Posted February 2010
While she was still an undergraduate student at ESF, Nicole Formosa decided she wanted to work in the field of sustainable development and green design.
Today, the 2007 landscape architecture alumna is doing just that as an urban planner with KCI Technologies, Inc., in the Urban Planning & Development Division.
"I became a Leadership in Energy and Environmental Design Accredited Professional (LEED AP) and have been utilizing that credential to the fullest extent by providing sustainable design consulting services for both our public and private clients as well as in-house consulting," she said.
KCI, located in Sparks, Md., recently moved into a new LEED-certified building for which Formoso was on the design-and-LEED-consulting team.
"I want to make architecture and landscape architecture last for years to come in a green way," she said.
While she was a student, Formoso spent a semester in the Netherlands, where she studied landscape architecture that had existed for hundreds of years. The semester abroad is "a major plus" to an ESF education, she said.
"No matter what you expected it's always 100 percent better than you assumed," said Formoso.
The fifth-year off-campus semester is the signature component for ESF's Landscape Architecture program. Students formulate a study topic then chose a country based on the best places in the world to study that topic. They make their own travel and living arrangements. "You have an advisor, but it's mostly self-driven," Formoso explained.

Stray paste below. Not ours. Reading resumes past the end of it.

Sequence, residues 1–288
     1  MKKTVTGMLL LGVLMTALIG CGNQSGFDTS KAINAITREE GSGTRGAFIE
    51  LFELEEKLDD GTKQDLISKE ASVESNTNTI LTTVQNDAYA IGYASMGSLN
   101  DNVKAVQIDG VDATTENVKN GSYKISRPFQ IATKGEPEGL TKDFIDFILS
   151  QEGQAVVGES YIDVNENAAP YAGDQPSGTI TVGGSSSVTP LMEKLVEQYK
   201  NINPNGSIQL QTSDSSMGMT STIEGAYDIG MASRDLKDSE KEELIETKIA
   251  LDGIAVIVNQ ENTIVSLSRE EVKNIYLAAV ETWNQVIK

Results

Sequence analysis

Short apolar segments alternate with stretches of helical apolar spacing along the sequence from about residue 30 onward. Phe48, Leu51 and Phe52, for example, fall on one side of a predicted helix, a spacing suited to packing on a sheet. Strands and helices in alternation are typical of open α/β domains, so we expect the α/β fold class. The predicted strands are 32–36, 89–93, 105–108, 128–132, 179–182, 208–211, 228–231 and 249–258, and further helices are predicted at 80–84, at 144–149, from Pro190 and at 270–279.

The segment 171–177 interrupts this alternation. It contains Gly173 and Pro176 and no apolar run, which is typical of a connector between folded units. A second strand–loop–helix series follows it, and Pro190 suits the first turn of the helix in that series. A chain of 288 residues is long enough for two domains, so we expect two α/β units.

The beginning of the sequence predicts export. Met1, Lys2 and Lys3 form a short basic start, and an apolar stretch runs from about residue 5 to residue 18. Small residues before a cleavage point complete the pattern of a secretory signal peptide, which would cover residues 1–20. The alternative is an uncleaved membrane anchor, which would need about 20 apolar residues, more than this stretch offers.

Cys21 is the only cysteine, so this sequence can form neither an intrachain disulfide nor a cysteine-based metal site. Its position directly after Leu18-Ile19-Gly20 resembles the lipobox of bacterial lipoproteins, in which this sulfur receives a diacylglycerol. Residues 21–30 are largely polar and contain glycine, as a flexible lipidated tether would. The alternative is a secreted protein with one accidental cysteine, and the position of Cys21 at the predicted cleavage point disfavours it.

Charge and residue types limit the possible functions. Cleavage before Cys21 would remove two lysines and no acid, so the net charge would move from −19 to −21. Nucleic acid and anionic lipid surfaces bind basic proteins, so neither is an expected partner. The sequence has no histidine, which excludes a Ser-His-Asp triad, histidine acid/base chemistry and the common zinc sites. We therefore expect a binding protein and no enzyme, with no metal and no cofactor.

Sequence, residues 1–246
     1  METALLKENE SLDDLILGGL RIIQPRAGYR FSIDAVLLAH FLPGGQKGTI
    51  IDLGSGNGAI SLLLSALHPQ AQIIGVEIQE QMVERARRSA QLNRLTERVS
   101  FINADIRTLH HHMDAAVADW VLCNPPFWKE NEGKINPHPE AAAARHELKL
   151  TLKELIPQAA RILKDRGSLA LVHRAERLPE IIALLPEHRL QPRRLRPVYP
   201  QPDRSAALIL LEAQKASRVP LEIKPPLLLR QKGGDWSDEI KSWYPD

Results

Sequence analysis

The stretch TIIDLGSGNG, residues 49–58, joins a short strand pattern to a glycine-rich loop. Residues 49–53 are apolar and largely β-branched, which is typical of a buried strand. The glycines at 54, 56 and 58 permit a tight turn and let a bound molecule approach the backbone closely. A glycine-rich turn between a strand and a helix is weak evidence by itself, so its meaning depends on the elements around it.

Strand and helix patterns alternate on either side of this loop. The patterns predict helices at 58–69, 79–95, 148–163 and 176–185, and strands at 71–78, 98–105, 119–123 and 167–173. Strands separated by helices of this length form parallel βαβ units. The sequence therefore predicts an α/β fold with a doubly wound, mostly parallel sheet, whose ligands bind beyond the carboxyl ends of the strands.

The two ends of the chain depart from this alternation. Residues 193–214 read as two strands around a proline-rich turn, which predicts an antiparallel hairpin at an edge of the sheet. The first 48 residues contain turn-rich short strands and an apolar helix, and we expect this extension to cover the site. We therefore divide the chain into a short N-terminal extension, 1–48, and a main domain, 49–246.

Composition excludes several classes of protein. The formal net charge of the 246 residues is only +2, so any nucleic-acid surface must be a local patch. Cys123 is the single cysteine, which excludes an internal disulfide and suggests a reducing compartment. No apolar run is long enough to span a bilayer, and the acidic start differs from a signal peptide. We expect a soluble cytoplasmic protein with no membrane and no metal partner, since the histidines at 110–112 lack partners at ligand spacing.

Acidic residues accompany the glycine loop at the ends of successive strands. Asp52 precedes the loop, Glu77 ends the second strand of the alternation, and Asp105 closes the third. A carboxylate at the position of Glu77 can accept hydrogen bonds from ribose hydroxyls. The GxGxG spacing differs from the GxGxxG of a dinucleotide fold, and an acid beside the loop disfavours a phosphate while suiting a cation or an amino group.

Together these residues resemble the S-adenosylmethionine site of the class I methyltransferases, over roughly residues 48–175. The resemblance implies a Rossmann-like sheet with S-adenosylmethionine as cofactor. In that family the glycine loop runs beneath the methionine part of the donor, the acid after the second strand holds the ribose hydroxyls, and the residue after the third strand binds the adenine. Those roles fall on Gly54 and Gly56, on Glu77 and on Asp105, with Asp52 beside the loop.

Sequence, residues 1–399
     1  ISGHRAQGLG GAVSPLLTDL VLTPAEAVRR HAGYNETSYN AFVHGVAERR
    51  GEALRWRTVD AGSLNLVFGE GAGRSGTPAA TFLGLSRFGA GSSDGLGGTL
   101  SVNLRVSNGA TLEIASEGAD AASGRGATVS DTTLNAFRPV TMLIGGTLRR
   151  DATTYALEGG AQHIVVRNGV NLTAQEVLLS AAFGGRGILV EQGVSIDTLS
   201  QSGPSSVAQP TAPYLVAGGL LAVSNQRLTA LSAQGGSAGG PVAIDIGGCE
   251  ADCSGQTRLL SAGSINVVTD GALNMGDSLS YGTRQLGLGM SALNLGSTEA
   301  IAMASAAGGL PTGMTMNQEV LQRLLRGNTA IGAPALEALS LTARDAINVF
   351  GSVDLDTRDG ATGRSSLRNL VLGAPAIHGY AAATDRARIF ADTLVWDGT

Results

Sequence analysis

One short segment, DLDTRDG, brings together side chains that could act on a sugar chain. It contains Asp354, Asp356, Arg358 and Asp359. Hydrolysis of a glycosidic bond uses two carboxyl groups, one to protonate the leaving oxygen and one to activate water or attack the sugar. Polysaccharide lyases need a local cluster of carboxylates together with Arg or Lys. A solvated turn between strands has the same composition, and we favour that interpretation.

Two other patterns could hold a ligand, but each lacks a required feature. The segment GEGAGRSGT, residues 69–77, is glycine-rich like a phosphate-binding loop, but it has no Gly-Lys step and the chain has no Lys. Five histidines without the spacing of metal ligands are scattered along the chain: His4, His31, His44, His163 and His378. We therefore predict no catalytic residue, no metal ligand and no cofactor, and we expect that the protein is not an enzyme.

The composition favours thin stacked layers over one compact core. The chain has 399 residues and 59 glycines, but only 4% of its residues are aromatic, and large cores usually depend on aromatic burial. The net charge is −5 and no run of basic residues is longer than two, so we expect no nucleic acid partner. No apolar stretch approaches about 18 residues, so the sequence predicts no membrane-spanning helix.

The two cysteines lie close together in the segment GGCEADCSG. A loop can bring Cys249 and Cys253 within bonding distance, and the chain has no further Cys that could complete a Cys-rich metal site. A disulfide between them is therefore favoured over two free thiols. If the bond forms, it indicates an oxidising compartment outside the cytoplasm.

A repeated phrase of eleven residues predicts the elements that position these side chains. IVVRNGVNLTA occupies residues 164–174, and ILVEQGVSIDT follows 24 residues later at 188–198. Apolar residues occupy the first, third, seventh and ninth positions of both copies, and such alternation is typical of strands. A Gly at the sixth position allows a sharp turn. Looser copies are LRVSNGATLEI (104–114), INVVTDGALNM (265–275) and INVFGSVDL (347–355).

Formoso, who once served as the student representative to ESF's Board of Trustees, said by the time the off-campus semester arrives, students are ready to put what they've learned to the test. "It definitely tests your time management and self motivation."
Formoso chose to study the factors that contribute to the value of a historic district in Amsterdam, Netherlands. "I saw buildings that were built in 1190 and my jaw was just gaping every time. To walk through buildings that have seen feudalism and every form of government and so much history was amazing. Amsterdam keeps their old buildings instead of tearing them down and they're very solid." Because Amsterdam is a small city, she said, the residents know how to make the space they have work efficiently.
Associate Professor Robin Hoffman served as Formoso's advisor for her off-campus semester and noted a distinct change in the student after the semester in Europe. Like many ESF students, Formoso maintained a fast-paced schedule and was task oriented.
"I think she learned how important it is to slow down - stop, look and listen. Nicole learned the value of an afternoon spent in an outdoor cafe sipping coffee while people- watching. She saw not only what was happening in the world around her but also, through careful observation, she learned about another culture's relationship to their places and how this process of discovery will serve to inform design decisions throughout her career," Hoffman said.
"To go and see places for oneself has always been a necessary step in the education of landscape architects. Such experiences become touchstones for future careers," said Richard Hawks, chair of the Department of Landscape Architecture.
The off-campus experience leaves a lasting impression. "When you come back, you feel so much more mature and ready to go out and do something. Having lived on your own and traveled abroad you now know you can take on the world," Formoso said.